Vast reserve offers hope for Amman's future

17 July 2008
With 40 billion tonnes of oil shale deposits, Amman expects to begin commercial production by 2020. Natural Resources Authority director general Maher Hijazin outlines the plan.

It has been a long time in coming but by the end of 2008, Amman hopes to award its first concession to develop Jordan’s oil shale resources. By 2020, it plans to bring on stream the first commercial oil shale operation in the world.

Lacking conventional hydrocarbon resources, Jordan’s economy is struggling to cope with the burden of importing oil and gas. But the flip side of the oil price boom is that the high cost of oil is finally making the development of oil shale technology - which still requires massive investment - a more realistic proposition.

“We have been trying unsuccessfully to develop our oil shale for two-three decades,” says Maher Hijazin, director general of the Natural Resources Authority (NRA). “It did
not fail because of any lack of commitment but because of the technology, the interest of [foreign] companies and the price of oil. The increase in the price of oil has created renewed interest in oil shale and other alternatives.”

Overcoming barriers

If the technological and financial barriers to oil shale extraction can be overcome, Jordan could quickly move from being a resource-poor country to a resource-rich one. “There is probably two-thirds to three-quarters of the country that is covered by oil shale at different depths,” says Hijazin. “The exploration we have done has shown that the amount we have is huge. It puts Jordan in the top five countries in the world in terms of oil shale.”

Some of the reserves are more difficult to access than others. “In the middle and the south of Jordan, the oil shale begins near the surface, about 40-60 metres deep,” say Hijazin. “In the north and east, it is a deeper play.”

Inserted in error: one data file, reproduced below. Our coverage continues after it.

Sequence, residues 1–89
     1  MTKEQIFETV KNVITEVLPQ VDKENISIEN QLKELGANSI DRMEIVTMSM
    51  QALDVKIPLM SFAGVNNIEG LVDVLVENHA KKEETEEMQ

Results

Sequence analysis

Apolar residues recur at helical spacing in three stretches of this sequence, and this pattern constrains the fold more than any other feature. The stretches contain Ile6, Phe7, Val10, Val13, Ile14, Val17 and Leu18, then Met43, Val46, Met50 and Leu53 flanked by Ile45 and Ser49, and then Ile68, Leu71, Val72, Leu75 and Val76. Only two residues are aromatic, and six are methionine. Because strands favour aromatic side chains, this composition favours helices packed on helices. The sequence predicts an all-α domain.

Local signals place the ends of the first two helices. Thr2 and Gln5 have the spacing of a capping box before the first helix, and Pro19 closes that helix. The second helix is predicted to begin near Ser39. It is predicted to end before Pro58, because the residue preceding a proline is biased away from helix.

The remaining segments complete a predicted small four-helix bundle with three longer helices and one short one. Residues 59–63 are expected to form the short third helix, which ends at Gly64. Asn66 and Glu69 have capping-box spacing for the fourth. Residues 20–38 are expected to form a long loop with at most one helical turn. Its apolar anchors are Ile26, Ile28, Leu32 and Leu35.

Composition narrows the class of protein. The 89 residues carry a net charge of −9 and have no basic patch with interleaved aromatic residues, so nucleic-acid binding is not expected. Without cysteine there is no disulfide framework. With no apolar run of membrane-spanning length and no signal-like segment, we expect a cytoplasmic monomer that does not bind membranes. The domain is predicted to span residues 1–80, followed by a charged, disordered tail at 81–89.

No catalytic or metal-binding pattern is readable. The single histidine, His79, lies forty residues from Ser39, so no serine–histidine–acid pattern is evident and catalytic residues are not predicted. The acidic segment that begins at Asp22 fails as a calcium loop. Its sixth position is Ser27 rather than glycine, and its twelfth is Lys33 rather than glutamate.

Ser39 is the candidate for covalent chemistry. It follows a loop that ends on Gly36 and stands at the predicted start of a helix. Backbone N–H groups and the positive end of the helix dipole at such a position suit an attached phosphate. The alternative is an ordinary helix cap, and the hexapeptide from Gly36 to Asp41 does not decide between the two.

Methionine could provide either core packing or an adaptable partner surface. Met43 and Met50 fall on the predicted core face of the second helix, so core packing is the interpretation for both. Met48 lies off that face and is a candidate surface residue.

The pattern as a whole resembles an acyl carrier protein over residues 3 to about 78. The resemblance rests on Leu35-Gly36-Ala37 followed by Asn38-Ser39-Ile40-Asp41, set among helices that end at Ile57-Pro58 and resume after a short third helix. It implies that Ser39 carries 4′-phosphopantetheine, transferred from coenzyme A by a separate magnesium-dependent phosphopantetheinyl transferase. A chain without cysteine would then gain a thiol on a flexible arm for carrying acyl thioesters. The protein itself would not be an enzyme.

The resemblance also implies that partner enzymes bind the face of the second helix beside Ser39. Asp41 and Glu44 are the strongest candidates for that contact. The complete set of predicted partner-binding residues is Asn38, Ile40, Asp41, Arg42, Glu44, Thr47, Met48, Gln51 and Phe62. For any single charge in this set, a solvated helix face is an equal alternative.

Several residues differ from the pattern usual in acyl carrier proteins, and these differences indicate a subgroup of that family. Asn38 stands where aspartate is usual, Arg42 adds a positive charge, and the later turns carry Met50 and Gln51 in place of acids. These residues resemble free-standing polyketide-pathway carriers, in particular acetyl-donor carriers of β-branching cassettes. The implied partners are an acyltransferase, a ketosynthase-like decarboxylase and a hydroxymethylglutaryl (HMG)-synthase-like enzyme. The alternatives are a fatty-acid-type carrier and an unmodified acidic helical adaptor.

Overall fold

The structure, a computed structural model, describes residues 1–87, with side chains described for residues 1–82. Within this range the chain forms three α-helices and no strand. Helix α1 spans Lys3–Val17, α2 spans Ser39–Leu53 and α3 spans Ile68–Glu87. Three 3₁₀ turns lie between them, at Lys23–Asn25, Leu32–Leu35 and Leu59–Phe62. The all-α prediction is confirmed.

The NRA estimates that the kingdom has about 40 billion tonnes of shallow oil shale, which would yield about 4 billion tonnes of oil, equivalent to almost 30 billion barrels or three-quarters of Libya’s reserves. The deeper reserves could yield even greater amounts.

Most of the progress to date has been in assessing the feasibility of developing the
shallower resources. Four international companies - from Brazil, Estonia, Canada and Russia - have signed headline agreements to carry out feasibility studies. If approved, the next step will be to take the studies to the bankable feasibility stage. This would enable them to secure financing to carry out the work, after which they would be granted an exploration-and-development concession by the NRA.

“We hope to conclude the first concession agreement by the end of this year or early next,” says Hijazin. “The Estonians submitted feasibility studies around the end of April, and we are in the process of evaluating them. We are waiting for the other companies to submit their studies, which should happen towards the end of the year. We have also put forward a request for proposals for four other blocks.”

Work is also under way to evaluate the prospects for the extraction of the deeper-lying oil shale. Having signed a headline agreement in 2006, the UK/Dutch Shell Group is now in the process of negotiating a multi-billion-dollar concession agreement with the NRA.

Commercial viability

Although pilot projects are under way in Brazil and Estonia, oil shale has not been tapped commercially anywhere in the world. “We think we will be the first in the world to do it,” says Hijazin. “The Estonians have estimated that it would take 10 or 11 years to complete the project, but we are still waiting for the others to respond. Maybe they will say they can do it in seven or eight years.”

Getting the oil shale out of the ground is just the first part in a long process to turn it into a useful product. “What you produce from shale oil is not consumable,” says Hijazin. “You can’t just send it [all] to a refinery. You need a tailor-made upgrading facility that suits the oil shale you are extracting from a particular area.”

A limited amount can be refinery processed, but not more than 2 per cent of the refinery’s capacity. With the 36,000-barrel-a-day (b/d) facility at Zarqa being Jordan’s only refinery, the impact would be negligible.

The other key problem is financing. Given the current problems with scaling up oil shale facilities, the capital cost per barrel is huge. The NRA estimates that a 36,000-b/d oil shale project would cost $6bn, including $2bn for an upgrading facility to convert the resource into one that can be processed in a refinery. Add to that the unproven nature of the technology and banks might be wary of funding such an investment.

Despite these substantial barriers, the NRA is still confident its plans will reach fruition. “According to our hopes, there is an 11 out of 10 chance that it will work,” says Hijazin. “But even if we are being realistic, I would still say there is a seven out of 10 chance of a scaled up oil shale project in Jordan in the next 10 to 15 years.”

  • Oil shale production to start - 2020

  • Cost of oil shale deposit - $6bn

  • Oil to be derived from shale - 30 billion barrels

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